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Have you ever had trouble setting rhythm and timing before you start animating? Have you ever done your keys and then realized that there is no middle frame for your breakdown? Let’s meet your new best friend when it comes to timing and rhythm: The number eight.

German filmmaker Andreas Hykade showed us this guideline once in a class, which is surprisingly simple but so helpful and logical, I wonder why I didn’t realize this earlier:

Make sure that your timing has something to do with the number eight – meaning the span of eight frames.

First let’s talk about a a mistake I used to make. I thought that even frame numbers are a good place for the keys, because when you put something on frame eight you can put the breakdown on frame four. Right? Wrong… Since frame one is the one with your first key, frame four is not in the middle.


I am not sure if anybody else makes the same mistake, but if animators say something like “every eight frames”, they mean that your keys are on frame one and frame NINE! And this is what this rule is all about.

If you put something on frame 1 and 9 you have 5 as the perfect middle, with 3 and 7 in between that with 2, 4, 6 and 8 being the center to that. You can always go to the exact middle to put breakdowns in or time something two or three times faster without leaving the rhythm.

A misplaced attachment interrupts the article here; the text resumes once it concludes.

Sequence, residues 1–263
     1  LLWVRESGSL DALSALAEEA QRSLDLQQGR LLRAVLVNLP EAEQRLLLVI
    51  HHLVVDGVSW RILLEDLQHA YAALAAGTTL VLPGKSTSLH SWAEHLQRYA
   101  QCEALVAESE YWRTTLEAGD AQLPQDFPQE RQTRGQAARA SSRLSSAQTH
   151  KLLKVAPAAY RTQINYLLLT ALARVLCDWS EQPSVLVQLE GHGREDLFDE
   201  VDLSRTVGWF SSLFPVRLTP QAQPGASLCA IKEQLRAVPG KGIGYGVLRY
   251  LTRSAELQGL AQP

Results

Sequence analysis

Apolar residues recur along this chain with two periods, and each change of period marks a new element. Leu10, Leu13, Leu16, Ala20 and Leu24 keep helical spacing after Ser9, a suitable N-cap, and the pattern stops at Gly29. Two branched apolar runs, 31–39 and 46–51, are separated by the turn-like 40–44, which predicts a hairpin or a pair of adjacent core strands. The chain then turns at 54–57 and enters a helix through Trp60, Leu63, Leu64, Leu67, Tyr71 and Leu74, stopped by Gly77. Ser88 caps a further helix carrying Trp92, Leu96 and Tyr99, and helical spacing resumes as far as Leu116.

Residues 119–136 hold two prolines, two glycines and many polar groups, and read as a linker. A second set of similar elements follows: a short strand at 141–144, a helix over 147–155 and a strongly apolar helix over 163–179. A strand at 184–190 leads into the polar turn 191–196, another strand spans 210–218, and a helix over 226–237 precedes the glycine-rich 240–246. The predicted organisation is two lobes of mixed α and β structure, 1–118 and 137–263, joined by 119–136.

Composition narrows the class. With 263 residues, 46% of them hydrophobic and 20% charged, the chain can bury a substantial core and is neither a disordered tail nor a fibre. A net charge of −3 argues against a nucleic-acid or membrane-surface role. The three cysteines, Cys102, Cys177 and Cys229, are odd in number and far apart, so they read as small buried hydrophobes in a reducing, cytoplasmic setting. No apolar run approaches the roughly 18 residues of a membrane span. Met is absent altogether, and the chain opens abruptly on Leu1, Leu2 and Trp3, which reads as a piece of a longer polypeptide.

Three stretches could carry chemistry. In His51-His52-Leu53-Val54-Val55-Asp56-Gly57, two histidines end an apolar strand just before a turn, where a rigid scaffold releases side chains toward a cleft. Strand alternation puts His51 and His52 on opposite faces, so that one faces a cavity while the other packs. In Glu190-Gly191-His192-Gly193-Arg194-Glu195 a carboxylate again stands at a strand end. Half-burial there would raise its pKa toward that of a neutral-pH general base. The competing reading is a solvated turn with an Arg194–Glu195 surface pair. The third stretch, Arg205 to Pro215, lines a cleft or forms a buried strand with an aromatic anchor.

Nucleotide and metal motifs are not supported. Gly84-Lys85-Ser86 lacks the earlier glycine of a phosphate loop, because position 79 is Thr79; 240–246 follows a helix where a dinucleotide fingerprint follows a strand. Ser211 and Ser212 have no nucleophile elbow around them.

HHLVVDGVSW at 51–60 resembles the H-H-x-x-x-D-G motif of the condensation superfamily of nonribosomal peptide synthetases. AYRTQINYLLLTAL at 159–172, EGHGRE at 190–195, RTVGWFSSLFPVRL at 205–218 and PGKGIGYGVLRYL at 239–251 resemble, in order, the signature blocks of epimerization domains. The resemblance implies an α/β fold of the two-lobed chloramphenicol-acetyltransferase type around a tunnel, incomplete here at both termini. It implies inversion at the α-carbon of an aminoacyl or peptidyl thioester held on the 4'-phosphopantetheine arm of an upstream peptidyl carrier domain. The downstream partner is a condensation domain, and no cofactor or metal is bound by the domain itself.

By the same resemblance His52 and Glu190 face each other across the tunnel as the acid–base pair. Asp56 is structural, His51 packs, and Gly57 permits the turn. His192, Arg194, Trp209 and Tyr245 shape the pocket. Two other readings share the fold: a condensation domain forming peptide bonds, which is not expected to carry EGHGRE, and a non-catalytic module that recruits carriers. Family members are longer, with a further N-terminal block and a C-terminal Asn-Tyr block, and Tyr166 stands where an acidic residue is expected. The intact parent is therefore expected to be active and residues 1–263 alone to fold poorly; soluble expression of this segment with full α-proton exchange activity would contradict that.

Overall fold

But of course you cannot and should not give everything the same rhythm. If you only need one exact middle and the 8 frame span is to slow for your character, you could go with “every six frames” with frame 4 exactly in the middle. The great thing is that it is a sibling of the eight (4 x 6 = 24 = 3 x 8) in case you need to make it work with any other timing related to the 8-frame-span. Want to read more about rhythm in animation? Look no further than Animating to Music right here!

Last thing to say is that this is a good rule regardless of your framerate. You can and should consider the “every eight (or a number that is mathematically compatible with it) frames” rhythm no matter if you work with 24, 25, or any other frames per second your production manager throws at you!

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